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Monterrico Metals pays for its violent past

With thanks due to regular reader 'MH' for the headsup, this report from the Peru Support Group brings news on how Monterrico Metals, widely featured on this blog in earlier times for its violence and general nastiness in treating Peru locals, has reached an out of court settlement with the people it terrorized and has been hit where it hurts a capitalist the most. Here's a past-out of proceedings.

Legal Proceedings Against Monterrico Metals Settled

20 July 2011
Legal proceedings against UK-based Monterrico Metals PLC by 33 members of a peasant community in northern Peru were settled earlier today by compensation payments, without admission of liability. The claimants allege torture by the Peruvian police after protesting at Monterrico's Rio Blanco copper mine in Piura in August 2005 (for a video outlining the allegations and background to the case please click here). The settlement means a hearing at the UK High Court, scheduled for October this year, will no longer go ahead. One consequence of this is that the full details of the events of August 2005 are unlikely ever to be established or publicly disclosed. Nevertheless, the Peru Support Group welcomes the payment of compensation to those who allegedly suffered mistreatment.
The Rio Blanco mine has been a key focal point for our organisation since March 2006 when we sponsored a meeting in the Houses of Parliament in which the project was debated. During the meeting, local citizens’ organisations and representatives from Monterrico Metals expressed radically different analyses of both the events of August 2005 and of the wider effects of the firm’s operations on development in Piura. To establish the veracity of their claims, PSG President Lord Avebury suggested we send an independent delegation to the region to visit the sites in question and discuss the project with local organisations and experts. With Monterrico Metals’s assent, the delegation travelled to Piura in October 2006 and its conclusions were subsequently published in our report entitledMining and Development in Peru, With Special Reference to the Rio Blanco Project, Piura’ (March 2007). We have also supported the legal proceedings subsequent to the report by providing UK law firm Leigh Day, who represented the claimants, with political context to the case, facilitating contact with Peruvian organisations and helping to coordinate translations of witness statements.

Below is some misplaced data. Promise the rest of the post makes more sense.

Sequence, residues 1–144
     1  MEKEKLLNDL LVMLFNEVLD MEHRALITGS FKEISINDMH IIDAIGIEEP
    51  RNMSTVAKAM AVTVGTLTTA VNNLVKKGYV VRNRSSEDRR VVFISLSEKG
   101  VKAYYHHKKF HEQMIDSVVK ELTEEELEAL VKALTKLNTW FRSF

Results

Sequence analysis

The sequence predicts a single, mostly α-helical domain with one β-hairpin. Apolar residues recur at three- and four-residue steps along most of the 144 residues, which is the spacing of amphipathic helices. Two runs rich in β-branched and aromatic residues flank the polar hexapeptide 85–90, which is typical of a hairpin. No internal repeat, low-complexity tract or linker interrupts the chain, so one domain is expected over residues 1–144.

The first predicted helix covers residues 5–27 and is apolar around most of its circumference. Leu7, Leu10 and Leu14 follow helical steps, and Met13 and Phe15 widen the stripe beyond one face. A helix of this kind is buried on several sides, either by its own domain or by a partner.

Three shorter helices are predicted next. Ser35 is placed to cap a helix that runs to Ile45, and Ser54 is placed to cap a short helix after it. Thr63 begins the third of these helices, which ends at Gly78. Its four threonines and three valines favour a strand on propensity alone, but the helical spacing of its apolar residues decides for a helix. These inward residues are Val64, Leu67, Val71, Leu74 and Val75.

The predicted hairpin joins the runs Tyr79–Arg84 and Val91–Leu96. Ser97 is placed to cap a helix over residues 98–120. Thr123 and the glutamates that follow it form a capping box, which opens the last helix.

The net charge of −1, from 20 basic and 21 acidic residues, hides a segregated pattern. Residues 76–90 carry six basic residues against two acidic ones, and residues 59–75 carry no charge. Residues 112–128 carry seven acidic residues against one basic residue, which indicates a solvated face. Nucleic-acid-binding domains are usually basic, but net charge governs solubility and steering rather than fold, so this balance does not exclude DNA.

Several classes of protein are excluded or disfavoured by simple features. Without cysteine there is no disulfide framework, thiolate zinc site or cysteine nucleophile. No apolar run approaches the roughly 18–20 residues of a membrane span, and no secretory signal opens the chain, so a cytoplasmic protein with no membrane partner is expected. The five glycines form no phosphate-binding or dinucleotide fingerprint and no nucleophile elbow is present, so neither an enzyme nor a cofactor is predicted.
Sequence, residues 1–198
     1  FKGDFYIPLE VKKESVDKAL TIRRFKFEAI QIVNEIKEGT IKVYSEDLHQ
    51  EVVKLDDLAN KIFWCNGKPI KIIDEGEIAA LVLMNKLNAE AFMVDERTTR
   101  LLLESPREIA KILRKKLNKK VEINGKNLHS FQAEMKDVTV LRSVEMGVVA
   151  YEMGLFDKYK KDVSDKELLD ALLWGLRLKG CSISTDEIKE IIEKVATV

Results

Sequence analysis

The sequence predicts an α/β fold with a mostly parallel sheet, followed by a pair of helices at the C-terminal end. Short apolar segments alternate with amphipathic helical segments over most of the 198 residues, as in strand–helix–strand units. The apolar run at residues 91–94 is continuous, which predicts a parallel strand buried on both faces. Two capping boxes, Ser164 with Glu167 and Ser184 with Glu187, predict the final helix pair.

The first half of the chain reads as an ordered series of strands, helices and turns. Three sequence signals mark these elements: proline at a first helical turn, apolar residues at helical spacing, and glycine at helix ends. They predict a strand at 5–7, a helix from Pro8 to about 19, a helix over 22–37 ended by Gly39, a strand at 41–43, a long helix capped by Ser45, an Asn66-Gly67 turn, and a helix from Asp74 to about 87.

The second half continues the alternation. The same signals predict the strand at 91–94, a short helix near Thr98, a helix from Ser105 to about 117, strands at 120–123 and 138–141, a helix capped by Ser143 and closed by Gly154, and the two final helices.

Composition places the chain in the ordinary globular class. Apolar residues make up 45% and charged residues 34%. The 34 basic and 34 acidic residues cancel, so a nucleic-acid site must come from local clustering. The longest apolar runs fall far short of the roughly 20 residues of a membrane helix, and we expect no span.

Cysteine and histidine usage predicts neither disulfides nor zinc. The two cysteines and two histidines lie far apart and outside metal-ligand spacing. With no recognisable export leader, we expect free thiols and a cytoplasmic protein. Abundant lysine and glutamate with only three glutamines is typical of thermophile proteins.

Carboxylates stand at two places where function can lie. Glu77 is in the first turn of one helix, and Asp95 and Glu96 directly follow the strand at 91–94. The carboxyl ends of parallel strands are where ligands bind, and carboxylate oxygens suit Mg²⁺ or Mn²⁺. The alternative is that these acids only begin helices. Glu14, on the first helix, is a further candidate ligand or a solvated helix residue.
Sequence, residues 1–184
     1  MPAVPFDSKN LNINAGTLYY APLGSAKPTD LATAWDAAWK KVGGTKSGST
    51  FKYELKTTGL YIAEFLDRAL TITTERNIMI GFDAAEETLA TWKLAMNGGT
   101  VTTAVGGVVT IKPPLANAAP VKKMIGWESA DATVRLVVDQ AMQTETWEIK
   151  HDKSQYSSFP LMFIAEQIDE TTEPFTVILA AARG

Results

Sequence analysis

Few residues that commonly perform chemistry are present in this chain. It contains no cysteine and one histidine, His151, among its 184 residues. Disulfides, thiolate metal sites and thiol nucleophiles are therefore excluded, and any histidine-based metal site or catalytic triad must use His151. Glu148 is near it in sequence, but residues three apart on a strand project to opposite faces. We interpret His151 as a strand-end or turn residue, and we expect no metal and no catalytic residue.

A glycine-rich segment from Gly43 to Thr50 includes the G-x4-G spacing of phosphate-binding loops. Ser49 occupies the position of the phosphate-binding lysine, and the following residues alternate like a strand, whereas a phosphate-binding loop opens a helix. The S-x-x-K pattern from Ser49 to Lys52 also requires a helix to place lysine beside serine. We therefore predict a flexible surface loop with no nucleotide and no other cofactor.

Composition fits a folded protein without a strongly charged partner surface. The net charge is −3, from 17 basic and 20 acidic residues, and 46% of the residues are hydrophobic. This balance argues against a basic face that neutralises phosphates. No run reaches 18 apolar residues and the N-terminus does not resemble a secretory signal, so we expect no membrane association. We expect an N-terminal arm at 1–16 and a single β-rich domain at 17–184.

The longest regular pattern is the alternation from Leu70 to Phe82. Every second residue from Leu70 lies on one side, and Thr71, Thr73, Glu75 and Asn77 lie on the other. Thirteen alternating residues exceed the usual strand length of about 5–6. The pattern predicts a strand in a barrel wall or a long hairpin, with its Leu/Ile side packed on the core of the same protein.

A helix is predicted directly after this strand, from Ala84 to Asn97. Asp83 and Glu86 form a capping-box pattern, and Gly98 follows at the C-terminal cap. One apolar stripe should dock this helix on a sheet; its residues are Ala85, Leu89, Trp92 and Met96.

Today’s settlement represents a significant achievement for the claimants and communities affected by the events of 2005. However, it has not resolved all the outstanding issues related to the Rio Blanco project. Domestic attempts to prosecute police and private security officers who allegedly committed the abuses are yet to make much headway. Many in Piura also express concern over the likely environmental impact of the Rio Blanco project (now owned by Chinese firm Zijn) when it begins production later this year. As such, further tensions between the local communities and the mine operator cannot be ruled out.
Consequently, the PSG will continue to closely monitor developments around the project in Piura for the foreseeable future. In the meantime, we encourage the mine’s new owner to engage in regular, participatory dialogue with the local communities in an effort to minimise the risk of renewed social conflict.